Anthony Anthony, Master’s candidate
David R. Cheriton School of Computer Science
Network Function Virtualization (NFV) has gained a significant research interest in both academia and industry since its inception in the late 2012. One of the key research issues in NFV is the development of systems for building Virtual Network Functions (VNFs) capable of meeting the performance requirements of enterprise and telecommunication networks. New packet processing models leveraging kernel bypass I/O and poll-mode processing have gained popularity for building high-performance VNFs because of their simple programming model and very low I/O overhead.
However, a major drawback of such poll-mode processing is the inefficient use of CPU resources. Existing CPU schedulers are ill-suited for VNFs due to their inability to capture the actual processing cost of a pollmode VNF, hence, cannot rightsize the CPU allocation. This is further exacerbated by their inability to consider VNF processing order when VNFs are chained to form Service Function Chains (SFCs). The state-of-the-art solutions proposed for VNF scheduling are intrusive, i.e., requiring the VNFs to be built with scheduler specific libraries or having carefully selected scheduling checkpoints. This highly restricts the VNFs that can properly work with such schedulers.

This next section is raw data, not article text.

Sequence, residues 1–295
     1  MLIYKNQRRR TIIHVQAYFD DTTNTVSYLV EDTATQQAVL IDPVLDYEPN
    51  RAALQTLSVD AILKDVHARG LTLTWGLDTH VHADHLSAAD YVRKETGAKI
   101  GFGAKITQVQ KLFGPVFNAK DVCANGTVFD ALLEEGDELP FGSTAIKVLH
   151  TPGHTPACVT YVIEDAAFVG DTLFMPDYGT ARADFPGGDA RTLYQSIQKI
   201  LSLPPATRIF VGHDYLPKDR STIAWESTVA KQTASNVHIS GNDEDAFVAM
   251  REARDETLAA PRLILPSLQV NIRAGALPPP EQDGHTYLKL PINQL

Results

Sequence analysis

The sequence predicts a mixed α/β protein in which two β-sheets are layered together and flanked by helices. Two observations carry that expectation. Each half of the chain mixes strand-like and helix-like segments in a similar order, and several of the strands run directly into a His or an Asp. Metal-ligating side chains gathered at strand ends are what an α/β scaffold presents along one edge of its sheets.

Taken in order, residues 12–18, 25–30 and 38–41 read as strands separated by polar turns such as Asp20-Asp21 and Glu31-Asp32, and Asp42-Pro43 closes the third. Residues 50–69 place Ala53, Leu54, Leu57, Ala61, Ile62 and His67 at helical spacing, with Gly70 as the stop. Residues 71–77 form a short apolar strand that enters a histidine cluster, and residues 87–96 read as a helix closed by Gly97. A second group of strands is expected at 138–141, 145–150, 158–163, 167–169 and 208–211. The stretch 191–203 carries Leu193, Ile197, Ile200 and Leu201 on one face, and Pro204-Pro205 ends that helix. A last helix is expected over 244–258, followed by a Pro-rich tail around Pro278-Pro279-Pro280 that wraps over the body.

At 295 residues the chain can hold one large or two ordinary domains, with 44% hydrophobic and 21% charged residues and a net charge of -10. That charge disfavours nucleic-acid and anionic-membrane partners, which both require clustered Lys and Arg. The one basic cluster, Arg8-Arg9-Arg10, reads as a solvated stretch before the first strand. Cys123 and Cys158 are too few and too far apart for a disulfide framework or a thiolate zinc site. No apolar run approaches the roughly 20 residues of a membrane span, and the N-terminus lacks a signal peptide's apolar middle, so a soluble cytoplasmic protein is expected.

To address these issues, we developed UNiS: a User-space Non-intrusive work-flow aware VNF Scheduler. Unlike existing approaches, UNiS does not require VNF modifications and treats the poll-mode VNFs as a black box, hence, is non-intrusive. UNiS is also workflow-aware, i.e., maintains SFC processing order while scheduling the VNFs. Testbed experiments show that UNiS is able to achieve a throughput within 90% (for synthetic traffic load) and 98% (for real data centre traffic trace) of the achievable throughput using an intrusive co-operative scheduler.
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